Seasonal songs of joy can obscure a grimmer reality

Layers of the romanticised Christmas narrative need to be peeled back so the real stories retain their power

Israeli Arab Christians wear traditional custom celebrate the annual Christmas parade in Nazareth, Israel. AP
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All religions are, at their core, about us – about real people living in a world with others, trying to make sense of our joy and sorrow, our fears and hopes, and our purpose for being here. When looked at this way, the stories told in our scriptures, when stripped down to their essential message, teach us beautiful lessons about how we should see our lives.

For example, the narrative around Christmas, celebrated in December and – by some, in January – is about the birth of Jesus. But it really is much more than that. If you listen to the scriptural stories closely (both Christian and Muslim) and place real people in the story, it comes to life and speaks about the profound and transformative reality that is birth.

With that thought in mind, let’s peel away the myths that have distorted the Christmas narrative, the romanticised tale that has taken hold in our popular culture. In the Silent Night / Oh! Little Town of Bethlehem version, Mary is smiling while Joseph is hovering protectively over mother and child. Animals provide warmth; angels are singing; and shepherds come to see the newborn "Babe in the Manger". In this version, all is pure and all is bright.

It is a comfortable story. But it's not real.

A pilgrim prostrates in prayer before the grotto, believed to be the site of the birth of Jesus, at the crypt of the Church of the Nativity in Bethlehem in the occupied West Bank on Christmas Day on December 25.  AFP

If we stop for a moment and consider the actual circumstances of the birth, a very different story emerges. From scripture and tradition, we learn that Joseph and Mary had travelled from Nazareth to Bethlehem because they were required to return to their home community to comply with an imperial edict to be counted in a census. The nearly 130-kilometre trip covered on foot or on donkey's back was arduous and long, taking at least five days. With Mary more than eight months pregnant, it must have also been quite frightening and painful.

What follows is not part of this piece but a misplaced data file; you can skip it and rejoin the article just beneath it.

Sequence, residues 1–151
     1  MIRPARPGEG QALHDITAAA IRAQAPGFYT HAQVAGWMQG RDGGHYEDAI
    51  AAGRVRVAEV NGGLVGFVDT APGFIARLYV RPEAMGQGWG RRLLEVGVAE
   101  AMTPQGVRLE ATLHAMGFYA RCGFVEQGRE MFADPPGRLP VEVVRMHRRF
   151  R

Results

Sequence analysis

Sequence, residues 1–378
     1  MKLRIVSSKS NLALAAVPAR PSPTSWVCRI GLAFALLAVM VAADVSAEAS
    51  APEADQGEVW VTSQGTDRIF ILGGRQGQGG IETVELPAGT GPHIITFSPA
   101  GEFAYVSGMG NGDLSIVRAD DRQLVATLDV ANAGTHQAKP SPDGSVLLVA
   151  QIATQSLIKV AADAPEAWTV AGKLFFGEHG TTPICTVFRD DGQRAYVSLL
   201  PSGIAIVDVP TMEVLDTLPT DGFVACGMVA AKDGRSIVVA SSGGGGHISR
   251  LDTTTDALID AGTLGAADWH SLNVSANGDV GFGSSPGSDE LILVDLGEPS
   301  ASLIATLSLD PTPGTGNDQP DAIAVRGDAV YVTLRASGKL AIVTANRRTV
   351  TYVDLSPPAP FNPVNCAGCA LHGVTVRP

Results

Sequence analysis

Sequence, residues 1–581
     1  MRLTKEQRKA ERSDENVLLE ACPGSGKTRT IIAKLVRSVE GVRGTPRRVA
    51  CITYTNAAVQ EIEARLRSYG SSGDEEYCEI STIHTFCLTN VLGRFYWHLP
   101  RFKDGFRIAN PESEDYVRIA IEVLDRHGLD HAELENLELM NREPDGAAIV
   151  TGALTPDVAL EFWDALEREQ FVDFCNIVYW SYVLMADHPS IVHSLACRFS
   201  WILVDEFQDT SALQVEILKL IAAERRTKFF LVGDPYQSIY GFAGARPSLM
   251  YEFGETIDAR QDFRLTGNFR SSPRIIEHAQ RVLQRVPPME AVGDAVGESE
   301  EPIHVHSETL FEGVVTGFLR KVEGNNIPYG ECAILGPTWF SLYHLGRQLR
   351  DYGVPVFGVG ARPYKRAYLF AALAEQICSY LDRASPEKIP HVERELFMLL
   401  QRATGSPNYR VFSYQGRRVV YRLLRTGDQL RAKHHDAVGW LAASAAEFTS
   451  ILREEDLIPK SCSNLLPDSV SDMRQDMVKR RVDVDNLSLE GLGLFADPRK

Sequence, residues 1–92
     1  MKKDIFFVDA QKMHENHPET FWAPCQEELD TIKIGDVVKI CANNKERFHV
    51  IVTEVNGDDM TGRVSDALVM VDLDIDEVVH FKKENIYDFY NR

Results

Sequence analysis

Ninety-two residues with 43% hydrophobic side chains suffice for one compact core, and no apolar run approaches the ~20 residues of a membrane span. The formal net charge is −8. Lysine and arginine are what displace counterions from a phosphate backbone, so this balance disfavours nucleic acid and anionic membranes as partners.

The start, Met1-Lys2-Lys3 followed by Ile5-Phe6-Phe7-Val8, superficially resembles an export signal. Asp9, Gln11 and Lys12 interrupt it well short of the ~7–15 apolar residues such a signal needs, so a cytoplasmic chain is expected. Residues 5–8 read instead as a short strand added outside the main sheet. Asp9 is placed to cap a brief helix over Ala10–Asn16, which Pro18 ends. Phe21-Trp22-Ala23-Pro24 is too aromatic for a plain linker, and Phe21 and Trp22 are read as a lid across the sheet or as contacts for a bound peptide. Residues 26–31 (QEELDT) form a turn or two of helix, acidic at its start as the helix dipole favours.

When they arrived at their destination, we are told they could find no room and were forced to bed down in a stable – which in Bethlehem meant a cave where the animals were housed. The experience must have been difficult to endure and perhaps even a little humiliating.

It was here that Mary gave birth. At this point, the gospel stories fall silent and so our imagination, by default, has been forced to leap almost magically from their arrival in Bethlehem to the scene of Mary holding the child. In Surah Maryam, however, the Quran provides us with the missing piece of the story, one which agrees with unwritten Christian tradition. Here we are told that as the time of birth nears, Mary goes off by herself and when labour grows intense, she cries out: "Would that I had died before this." A young woman, frightened, alone in the throes of giving birth, and in pain.

Palestinian protesters hold placards as the convoy of Jerusalem's Greek Orthodox patriarch Theophilos III arrives in the West Bank town of Bethlehem on January 6, 2018 ahead of a Christmas service according to the Eastern Orthodox calendar.